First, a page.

Fur factory farms
Eighty-five percent of the fur industry’s skins come from animals raised in ‘battery’ cages2, where animals are deprived of any form of quality of life and the ability to perform their natural and instinctual behaviours.
For example, in the wild mink live near streams and lakes where they swim, climb trees, make nests and hunt. Mink live solitary lives and are naturally very inquisitive animals. On fur farms, they are forced to live their lives in small wire cages. The unsuitable living conditions cause chronic boredom and stress which lead to behavioural abnormalities such as running up and down their cages endlessly or twisting the head continuously.
Zoologists at Oxford University found that despite generations of being bred for fur, mink have not been domesticated and suffer greatly in captivity, especially if they are not given the opportunity to swim.3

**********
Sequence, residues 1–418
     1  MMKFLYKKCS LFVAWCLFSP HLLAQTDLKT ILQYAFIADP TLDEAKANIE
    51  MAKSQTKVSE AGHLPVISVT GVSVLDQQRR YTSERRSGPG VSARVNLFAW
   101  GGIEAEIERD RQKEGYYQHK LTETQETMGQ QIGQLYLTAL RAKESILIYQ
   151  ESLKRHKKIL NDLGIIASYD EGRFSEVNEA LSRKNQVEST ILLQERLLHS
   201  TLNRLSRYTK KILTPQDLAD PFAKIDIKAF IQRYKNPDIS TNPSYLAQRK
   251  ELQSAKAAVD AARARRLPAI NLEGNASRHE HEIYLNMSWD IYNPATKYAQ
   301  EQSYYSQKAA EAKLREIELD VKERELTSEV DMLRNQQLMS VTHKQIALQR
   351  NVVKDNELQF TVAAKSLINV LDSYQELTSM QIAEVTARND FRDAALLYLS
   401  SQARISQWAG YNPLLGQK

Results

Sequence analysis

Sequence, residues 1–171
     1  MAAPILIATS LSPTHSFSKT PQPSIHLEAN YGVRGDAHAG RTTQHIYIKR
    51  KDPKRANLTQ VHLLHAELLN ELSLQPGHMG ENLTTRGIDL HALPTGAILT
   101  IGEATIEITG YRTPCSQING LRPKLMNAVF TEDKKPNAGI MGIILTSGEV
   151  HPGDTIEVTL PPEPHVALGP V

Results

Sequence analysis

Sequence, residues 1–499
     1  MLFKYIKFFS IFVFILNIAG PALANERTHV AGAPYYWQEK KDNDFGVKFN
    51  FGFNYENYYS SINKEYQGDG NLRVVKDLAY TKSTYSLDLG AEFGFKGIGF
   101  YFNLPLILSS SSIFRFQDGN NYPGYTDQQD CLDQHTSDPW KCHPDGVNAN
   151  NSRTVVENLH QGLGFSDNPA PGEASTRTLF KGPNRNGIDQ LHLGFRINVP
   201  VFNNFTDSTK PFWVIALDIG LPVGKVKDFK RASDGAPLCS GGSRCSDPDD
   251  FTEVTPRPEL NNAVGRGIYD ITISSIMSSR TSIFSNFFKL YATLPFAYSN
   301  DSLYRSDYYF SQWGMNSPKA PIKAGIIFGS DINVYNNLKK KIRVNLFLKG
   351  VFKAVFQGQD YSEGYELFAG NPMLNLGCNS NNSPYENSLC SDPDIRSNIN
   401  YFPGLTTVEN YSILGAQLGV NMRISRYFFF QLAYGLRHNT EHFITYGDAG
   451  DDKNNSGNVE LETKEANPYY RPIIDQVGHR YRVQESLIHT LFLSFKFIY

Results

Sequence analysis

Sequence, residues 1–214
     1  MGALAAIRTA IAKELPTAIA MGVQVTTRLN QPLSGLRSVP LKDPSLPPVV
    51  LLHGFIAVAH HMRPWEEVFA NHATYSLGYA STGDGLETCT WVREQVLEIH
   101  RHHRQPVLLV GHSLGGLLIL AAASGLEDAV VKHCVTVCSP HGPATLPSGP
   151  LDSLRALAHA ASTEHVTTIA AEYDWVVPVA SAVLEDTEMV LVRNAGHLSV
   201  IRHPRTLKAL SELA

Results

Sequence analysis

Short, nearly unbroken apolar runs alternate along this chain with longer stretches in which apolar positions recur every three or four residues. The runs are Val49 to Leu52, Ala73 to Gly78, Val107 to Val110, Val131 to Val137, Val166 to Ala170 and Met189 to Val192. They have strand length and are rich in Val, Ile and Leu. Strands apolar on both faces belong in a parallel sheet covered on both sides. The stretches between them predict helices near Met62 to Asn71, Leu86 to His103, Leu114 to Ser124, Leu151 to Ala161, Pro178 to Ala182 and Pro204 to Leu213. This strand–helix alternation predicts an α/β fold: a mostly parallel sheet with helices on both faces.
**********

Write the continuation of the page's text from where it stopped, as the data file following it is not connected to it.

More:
Many fur bearing animals are solitary, so being cramped in a cage with others is particularly stressful. Their frustration and misery leads many animals to self-mutilate by biting their own tail or gnawing at their own limbs.
After months of suffering, these animals are killed by electrocution, gassing or by breaking their necks. These methods are designed to avoid damage to the animals’ pelts but are inhumane and often carried out unprofessionally. In China, skinning animals alive is not uncommon.